Competing interactions between micro-RNAs determine neural progenitor survival and proliferation after ethanol exposure: evidence from an ex vivo model of the fetal cerebral cortical neuroepithelium.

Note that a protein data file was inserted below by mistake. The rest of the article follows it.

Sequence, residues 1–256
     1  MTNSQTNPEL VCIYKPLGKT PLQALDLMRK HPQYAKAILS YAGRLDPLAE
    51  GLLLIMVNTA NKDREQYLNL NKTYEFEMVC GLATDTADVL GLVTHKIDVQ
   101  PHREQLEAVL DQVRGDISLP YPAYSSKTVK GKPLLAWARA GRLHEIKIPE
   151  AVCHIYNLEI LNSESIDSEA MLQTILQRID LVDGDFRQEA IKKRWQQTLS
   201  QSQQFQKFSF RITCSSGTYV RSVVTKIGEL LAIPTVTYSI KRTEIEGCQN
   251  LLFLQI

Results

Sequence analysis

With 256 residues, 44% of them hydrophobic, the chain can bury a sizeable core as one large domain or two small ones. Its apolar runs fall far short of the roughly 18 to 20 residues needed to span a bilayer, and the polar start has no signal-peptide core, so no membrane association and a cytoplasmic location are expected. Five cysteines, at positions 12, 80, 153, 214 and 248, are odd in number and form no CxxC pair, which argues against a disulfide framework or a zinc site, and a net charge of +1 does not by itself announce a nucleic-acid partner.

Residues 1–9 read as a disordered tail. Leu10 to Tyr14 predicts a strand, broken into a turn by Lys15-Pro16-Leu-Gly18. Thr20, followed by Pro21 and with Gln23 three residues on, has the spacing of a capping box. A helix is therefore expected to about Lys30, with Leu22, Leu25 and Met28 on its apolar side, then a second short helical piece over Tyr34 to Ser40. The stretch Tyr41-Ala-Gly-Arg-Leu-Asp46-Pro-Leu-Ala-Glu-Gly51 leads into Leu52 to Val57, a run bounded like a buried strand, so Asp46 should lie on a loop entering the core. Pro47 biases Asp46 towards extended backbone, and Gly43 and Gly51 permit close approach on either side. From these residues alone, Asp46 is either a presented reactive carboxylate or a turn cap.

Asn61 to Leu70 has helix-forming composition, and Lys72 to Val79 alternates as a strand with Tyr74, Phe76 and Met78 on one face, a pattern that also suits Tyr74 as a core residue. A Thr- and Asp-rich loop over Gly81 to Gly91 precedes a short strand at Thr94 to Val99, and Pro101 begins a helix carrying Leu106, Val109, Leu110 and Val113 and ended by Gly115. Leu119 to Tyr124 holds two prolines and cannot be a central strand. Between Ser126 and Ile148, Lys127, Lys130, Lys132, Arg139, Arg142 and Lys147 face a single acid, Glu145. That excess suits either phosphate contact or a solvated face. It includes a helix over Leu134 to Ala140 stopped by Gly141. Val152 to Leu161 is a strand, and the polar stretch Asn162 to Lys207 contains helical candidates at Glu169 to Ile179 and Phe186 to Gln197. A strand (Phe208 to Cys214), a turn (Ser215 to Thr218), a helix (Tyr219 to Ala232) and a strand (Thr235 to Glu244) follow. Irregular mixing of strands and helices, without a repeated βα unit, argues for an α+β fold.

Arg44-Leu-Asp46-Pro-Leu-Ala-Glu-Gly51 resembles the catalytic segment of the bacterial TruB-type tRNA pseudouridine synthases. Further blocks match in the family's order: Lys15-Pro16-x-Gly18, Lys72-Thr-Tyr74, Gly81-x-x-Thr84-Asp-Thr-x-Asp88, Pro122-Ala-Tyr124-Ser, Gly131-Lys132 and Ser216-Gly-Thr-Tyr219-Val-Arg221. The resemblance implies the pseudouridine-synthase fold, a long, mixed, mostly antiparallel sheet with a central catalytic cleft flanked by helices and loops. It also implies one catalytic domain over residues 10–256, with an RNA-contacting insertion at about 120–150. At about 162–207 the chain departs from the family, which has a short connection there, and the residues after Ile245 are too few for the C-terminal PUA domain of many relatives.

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The fetal brain is sensitive to a variety of teratogens, including ethanol. We showed previously that ethanol induced mitosis and stem cell maturation, but not death, in fetal cerebral cortex-derived progenitors. We tested the hypothesis that micro-RNAs (miRNAs) could mediate the teratogenic effects of ethanol in a fetal mouse cerebral cortex-derived neurosphere culture model. Ethanol, at a level attained by alcoholics, significantly suppressed the expression of four miRNAs, miR-21, -335, -9, and -153, whereas a lower ethanol concentration, attainable during social drinking, induced miR-335 expression. A GABA(A) receptor-dependent mechanism mediated miR-21, but not miR-335 suppression, suggesting that divergent mechanisms regulate ethanol-sensitive miRNAs. Antisense-mediated suppression of miR-21 expression resulted in apoptosis, suggesting that miR-21 is an antiapoptotic factor. miR-335 knockdown promoted cell proliferation and prevented death induced by concurrently suppressing miR-21, indicating that miR-335 is a proapoptotic, antimitogenic factor whose actions are antagonistic to miR-21. Computational analyses identified two genes, Jagged-1, a Notch-receptor ligand, and embryonic-lethal abnormal vision, Drosophila-like 2 (ELAVL2), a brain-specific regulator of RNA stability, as presumptive targets of three of four ethanol-sensitive micro-RNAs. Combined knockdown of miR-335, -21, and -153 significantly increased Jagged-1 mRNA. Furthermore, ethanol induced both Jagged-1 and ELAVL2 mRNA. The collective suppression of micro-RNAs is consistent with ethanol induction of cell cycle and neuroepithelial maturation in the absence of apoptosis. These data identify a role for micro-RNAs as epigenetic intermediaries, which permit teratogens to shape complex, divergent developmental processes, and additionally demonstrate that coordinately regulated miRNAs exhibit both functional synergy and antagonism toward each other.